Coffee is a relative newcomer to the scene. The app docks to the side of your screen, where it displays your forecast in a card that displays the next five days. The information comes from Dark Sky.
Coffee’s slim profile makes it great to use like a ticker, but why would you do this just for the weather? Well, you don’t have to. Coffee also displays the news. You can choose to receive headlines from over forty different sources, which come via News API.
Download: Coffee (Free)
If you’re a fan of weather widgets, Temps may be the way to go. While it isn’t technically a widget, the app has the feel of one. Temps consists of a single stylish card that shows four days of weather. Nice touches include the addition of animations for rain, snow, and storms. As for functionality, you can view an interactive hourly forecast.
Temps is a minimalist tool that unapologetically places style over substance. When it comes to weather apps, for many of us, that’s perfectly fine.
Download: Temps (Free)
Most of the apps on this list scratch a similar itch. They show what’s going on outside and list some temperatures.
AWeather is less a weather app and more a tool for weather enthusiasts. The app shows a map of the US complete with weather alerts at the county level. You can see if the United States National Weather Service has issued a flood advisory or tornado warning in your area, for example.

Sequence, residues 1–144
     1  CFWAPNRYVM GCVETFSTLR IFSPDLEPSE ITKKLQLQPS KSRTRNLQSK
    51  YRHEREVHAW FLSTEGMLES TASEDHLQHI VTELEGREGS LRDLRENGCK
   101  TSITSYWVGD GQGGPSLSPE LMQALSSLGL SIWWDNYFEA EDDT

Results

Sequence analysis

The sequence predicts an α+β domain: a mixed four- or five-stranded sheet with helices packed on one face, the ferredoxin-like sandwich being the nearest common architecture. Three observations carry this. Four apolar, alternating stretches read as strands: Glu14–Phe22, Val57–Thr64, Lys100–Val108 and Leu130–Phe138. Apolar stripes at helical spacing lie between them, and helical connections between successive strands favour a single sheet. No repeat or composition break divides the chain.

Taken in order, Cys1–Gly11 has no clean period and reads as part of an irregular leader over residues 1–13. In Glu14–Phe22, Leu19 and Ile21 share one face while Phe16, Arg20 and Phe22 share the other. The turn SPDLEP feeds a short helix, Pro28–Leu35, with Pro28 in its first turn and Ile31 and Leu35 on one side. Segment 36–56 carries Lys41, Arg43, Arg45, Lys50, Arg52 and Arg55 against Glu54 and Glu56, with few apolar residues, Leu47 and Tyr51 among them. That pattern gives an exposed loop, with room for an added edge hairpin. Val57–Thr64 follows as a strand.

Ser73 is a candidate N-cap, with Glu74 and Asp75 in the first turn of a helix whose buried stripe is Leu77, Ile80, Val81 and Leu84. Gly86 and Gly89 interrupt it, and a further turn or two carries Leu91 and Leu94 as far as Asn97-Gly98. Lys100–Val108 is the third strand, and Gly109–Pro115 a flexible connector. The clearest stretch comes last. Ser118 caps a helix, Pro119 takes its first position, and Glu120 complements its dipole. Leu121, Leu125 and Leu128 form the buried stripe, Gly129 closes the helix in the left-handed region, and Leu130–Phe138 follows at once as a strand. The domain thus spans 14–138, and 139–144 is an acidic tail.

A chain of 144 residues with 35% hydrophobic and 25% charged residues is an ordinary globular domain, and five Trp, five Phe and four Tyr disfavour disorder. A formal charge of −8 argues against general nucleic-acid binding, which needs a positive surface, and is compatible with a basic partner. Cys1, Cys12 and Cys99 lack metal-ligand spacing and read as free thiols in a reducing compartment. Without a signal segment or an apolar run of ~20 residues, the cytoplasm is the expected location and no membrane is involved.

The fun doesn’t stop there. If you have the necessary files, you can also view radar coverage of the skies.
Download: AWeather (Free)
10. Weather Utility
There’s a command line tool to do just about anything on Linux, and checking the weather is no exception. Weather Utility has been around since 2006, and while that would make it ancient compared to desktop Linux apps, life in the terminal moves at a more stable pace. Weather Utility did what it needed to back then, and it still does today.
If you live in the US, the process is simple. Type this command to get your forecast:
weather-util --forecast [zipcode]
Download: Weather Utility (Free)
How Do You Check the Weather on Linux?
Do you fire up a search engine? Keep a widget in your panel? Prefer to use your phone ? Maybe you stick with cracking open a window and feeling the breeze. We all have our preferences. What’s yours?